Pride: from celebration to inclusion


Being proud of who you are is a wonderful feeling. But what if you had to constantly hide who you are out of fear? Éirénne Carroll tells us her story and what we can do to make the workplace more inclusive. 

It’s officially Pride month, and with it, there are many ways to celebrate and show joy. But what if Pride isn’t a time of celebration for many? How do we move beyond celebration to inclusivity? I had the pleasure of sharing some of my story with members of Chartered Accountants Ireland at its virtual Pride seminar. I highlighted how my story shows the pitfalls of living visibly out, some of the barriers that still harm trans people in the workplace, and how allies and other LGBT people helped me feel safe at work and re-find my joy in Pride.

I initially came out at work to a supportive community in a corporate marketing department in the south of the United States during the era of HB2, also known as the “Bathroom Bill”, in 2016. During that time, the friction caused by the presidential elections impacted my work, my life, and my ability to celebrate Pride. My identity was a hot button issue for me. And even now, six and half years later, my right to be visible at work, home, and in public is still debated on radio shows, in print, and in homes every day.

For me, coming out was a potentially career-ending act, so it was difficult to see where Pride fit in. And that truth isn’t lost on other trans people at work, whether internationally or here in Ireland. According to Transgender Equality Network Ireland’s (TENI) research in Speaking from the Margins, 49% of all trans people in the country are either unemployed or underemployed. Getting your foot in the door as a trans person, or retaining your position when you come out, is a very tenuous struggle – even in an era when more and more organisations are building robust diversity, equity, and inclusion departments to support their businesses and staff.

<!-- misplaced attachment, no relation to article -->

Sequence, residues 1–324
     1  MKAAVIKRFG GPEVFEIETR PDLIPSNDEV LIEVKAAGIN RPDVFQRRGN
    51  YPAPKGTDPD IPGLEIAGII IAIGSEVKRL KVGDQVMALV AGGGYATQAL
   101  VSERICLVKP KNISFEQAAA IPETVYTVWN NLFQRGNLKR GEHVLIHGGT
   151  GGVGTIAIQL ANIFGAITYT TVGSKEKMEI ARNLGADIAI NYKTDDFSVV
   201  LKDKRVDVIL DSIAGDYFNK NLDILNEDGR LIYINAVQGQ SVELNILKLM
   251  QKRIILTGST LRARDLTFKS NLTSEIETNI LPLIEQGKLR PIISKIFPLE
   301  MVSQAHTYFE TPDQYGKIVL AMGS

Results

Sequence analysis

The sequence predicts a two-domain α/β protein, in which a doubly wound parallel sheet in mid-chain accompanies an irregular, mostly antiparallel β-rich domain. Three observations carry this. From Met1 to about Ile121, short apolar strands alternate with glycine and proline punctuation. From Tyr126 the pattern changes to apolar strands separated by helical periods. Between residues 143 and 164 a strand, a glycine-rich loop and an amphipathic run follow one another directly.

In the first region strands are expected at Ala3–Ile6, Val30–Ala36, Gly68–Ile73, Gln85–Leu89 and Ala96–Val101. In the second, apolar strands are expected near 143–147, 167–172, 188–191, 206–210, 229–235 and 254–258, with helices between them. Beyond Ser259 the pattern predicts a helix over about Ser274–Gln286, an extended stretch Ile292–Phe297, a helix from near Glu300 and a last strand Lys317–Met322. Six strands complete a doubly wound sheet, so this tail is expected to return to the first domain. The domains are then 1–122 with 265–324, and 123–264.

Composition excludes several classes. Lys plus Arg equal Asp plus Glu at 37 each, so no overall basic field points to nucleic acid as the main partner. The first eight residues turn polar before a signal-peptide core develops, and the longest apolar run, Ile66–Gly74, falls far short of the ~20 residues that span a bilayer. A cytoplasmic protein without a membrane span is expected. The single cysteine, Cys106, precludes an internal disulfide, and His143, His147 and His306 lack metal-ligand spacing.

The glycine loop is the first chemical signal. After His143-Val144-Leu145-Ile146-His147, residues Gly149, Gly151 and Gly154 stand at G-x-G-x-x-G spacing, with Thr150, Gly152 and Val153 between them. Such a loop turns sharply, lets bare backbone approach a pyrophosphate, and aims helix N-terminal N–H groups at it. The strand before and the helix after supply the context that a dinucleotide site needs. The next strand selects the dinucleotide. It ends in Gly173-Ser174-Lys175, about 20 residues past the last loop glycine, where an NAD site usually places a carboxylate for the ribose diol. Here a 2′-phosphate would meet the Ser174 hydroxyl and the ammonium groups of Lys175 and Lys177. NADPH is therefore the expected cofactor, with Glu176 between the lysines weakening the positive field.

In my coming out story, I was able to find allies and to find my voice at work. I was lucky enough at the time to have a team that understood and supported me. Having allies that are willing to take the heat with you are so valuable. Having people you can depend on is imperative. And working in a place where you feel safe to be who are you is crucial.

I’ve been out at work for six years, and I can say I now enjoy Pride. I thoroughly enjoy where the road has led me, and I have enjoyed the people I have met and worked with. I believe our society, and our businesses, are always better with more diversity and inclusivity that allows people to be who they are.

Éirénne Carroll is the Director of Communications & Marketing at Equality North Carolina.


This article was first published by Chartered Accountants Ireland. It is available at the following URL: